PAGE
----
Registered Agency Profile: Desloge Missouri Police Department

desloge pd body camera donations patchRegistered Police Department Spotlight: Desloge Missouri Police Department

Department Donation Effort Contact: Officer Greg Northrup

Police Chief: Chief James Bullock

Link: Department Website

Number of Officers: 10

Body Camera Goal: 10

This department has received $5,852.00 in donations so far and received 10 body Ccameras! Thank you to all the donors that have made this possible!

Click here to donate to this department

desloge pd body camera donations picdesloge 111

DONATIONS

Name State Amount
Anonymous $200.00
Unico Bank Desloge, MO $400.00
Belgrade State Bank Potosi, MO $1,100.00
First Baptist Church of Desloge Desloge, MO $100.00
St. Francois Co. VFW Post 2426 Desloge, MO $275.00
Janet J.
In Memory of Trooper Jesse R. Jenkins
Bonne Terre, MO $1,000.00
Beatrice E. Desloge, MO $75.00
Anonymous Desloge, MO $40.00
Desloge Chamber of Commerce Desloge, MO $250.00
First State Community Bank Desloge, MO $1,000.00
Caleb B. Desloge, MO $40.00
Annetta W. Desloge, MO $25.00
Desloge High School Alumni Association Reunion Fund Desloge, MO $222.00
Barbara O. Desloge, MO $25.00
David S.
Happy 70th Birthday!
Desloge, MO $100.00
 Cantwell Baptist Church of Desloge Desloge, MO  $1,000.00
Total $5,852.00

Are there any situations where having body camera video evidence would have made a difference in court cases or complaints against your officers?
Officer Northrup: Body cameras will make the community feel safer because they know everything is being recorded. Body Cameras will keep everyone honest and back our own actions up against people who don’t want to be truthful about what happened. Also body cameras will be a beautiful training tool. A lot of newer guys out of the academy think they’re “John Wayne” and they’re going to clean up the town. In many situations body cameras would be a great training tool for our younger officers so we can show them real examples of how officers responded.

How do you believe a body camera program will benefit your officers, department and the community?
Officer Northrup: We are a small department with not a lot of money but are willing to get in compliance along with the rest of the departments. Our in car cameras are old and out of date. We’re looking to transition to body cameras. Anything that happens out side of the range of our cars is not captured on video and the audio range is poor, so it makes sense just to switch to body cameras. Also our officers sometimes get complaints, and body cameras would be helpful for our officers to show exactly what happened. We want a reliable body camera system to be able to record what happens outside the range of our patrol cars.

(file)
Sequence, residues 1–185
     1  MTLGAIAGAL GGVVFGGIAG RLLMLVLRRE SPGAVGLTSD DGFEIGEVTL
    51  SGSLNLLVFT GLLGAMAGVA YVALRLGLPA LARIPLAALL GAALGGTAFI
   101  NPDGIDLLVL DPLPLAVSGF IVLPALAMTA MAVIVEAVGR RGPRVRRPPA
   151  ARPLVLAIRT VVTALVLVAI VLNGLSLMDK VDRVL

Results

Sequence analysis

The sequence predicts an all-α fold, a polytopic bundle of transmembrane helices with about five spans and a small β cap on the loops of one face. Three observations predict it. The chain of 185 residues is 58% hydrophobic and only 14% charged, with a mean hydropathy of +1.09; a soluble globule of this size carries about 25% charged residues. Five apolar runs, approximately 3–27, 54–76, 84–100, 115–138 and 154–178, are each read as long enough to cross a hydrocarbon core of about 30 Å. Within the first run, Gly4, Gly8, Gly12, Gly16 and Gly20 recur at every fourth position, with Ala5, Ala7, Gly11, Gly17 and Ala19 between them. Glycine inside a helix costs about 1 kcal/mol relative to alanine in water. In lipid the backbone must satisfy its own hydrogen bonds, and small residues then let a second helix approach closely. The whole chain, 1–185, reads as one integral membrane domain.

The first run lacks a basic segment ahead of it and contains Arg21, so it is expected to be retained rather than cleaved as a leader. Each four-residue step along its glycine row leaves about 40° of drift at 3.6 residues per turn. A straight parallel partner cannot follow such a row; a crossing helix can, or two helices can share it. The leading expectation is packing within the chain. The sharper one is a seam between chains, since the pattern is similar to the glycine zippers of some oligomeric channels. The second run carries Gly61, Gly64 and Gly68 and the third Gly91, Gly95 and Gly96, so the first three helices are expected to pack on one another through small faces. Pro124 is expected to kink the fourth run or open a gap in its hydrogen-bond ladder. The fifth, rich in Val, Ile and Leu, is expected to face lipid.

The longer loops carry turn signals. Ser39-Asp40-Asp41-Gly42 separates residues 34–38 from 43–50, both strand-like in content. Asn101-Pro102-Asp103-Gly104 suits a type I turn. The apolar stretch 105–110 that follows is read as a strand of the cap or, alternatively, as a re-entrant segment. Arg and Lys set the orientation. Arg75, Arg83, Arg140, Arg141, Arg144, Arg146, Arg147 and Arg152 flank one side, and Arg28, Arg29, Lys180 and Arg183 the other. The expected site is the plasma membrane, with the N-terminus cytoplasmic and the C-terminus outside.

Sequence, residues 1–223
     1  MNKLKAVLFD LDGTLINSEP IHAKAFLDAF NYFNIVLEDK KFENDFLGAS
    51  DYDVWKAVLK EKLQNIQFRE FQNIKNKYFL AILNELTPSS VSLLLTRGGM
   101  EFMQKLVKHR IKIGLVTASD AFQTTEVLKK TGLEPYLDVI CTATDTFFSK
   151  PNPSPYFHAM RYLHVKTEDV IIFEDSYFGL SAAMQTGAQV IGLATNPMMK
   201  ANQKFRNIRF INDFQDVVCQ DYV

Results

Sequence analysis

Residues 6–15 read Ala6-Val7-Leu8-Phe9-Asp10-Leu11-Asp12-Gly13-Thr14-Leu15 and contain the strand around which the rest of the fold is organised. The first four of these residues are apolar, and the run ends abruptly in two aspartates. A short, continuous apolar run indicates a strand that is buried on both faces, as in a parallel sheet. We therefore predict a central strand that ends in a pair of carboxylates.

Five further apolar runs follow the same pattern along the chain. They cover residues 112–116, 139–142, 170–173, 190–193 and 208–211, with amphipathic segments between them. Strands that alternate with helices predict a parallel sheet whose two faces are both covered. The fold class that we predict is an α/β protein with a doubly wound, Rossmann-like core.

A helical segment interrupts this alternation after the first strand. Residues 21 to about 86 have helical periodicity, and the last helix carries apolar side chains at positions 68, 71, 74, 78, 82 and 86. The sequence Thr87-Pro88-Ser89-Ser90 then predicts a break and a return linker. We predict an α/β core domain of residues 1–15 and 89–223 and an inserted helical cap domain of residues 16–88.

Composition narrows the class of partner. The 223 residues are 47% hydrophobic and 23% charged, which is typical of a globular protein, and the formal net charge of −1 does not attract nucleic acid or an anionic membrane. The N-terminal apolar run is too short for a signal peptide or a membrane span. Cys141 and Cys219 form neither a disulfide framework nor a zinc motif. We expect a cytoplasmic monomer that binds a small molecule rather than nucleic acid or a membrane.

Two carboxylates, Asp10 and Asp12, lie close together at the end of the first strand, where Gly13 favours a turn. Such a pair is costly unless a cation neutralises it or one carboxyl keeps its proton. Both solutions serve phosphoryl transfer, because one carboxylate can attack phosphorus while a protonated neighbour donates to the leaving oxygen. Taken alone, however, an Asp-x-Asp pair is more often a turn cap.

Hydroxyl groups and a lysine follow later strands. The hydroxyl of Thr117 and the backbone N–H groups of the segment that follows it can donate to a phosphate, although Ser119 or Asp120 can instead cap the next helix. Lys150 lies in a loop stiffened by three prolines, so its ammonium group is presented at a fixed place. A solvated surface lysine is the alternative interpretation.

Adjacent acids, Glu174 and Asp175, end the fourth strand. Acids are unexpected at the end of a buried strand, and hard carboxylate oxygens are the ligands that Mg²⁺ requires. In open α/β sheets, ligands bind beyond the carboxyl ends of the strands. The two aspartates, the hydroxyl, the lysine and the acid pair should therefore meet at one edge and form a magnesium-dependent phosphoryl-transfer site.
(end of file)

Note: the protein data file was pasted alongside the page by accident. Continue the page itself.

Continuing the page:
Why has your department decided to start a body camera program?
Officer Northrup: I had a situation where there was a robbery in progress at Walmart and I was first on the scene. The position of my patrol car at the time did not allow the car camera to record what happened. I pulled up and jumped out of my patrol car and confronted the suspects. There were tools everywhere and I had no video because the car cam was pointed in the wrong direction and I only had audio recording. If I had been wearing a body camera, I would have immediately had video to positively ID the suspects, got video of the tools and items in the car and also got video of the drug paraphernalia in their car too. A body camera in that situation would have been fantastic to capture all that video evidence.

Does your department have guidelines for a body camera policy? If so, what would the policy be? When would officers be required to record, etc.?
Officer Northrup: We do not have a body camera policy in place yet, but our department will adopt a policy in line with any local or state laws. We will probably require the body cameras to be turned on and recording whenever responding to any call.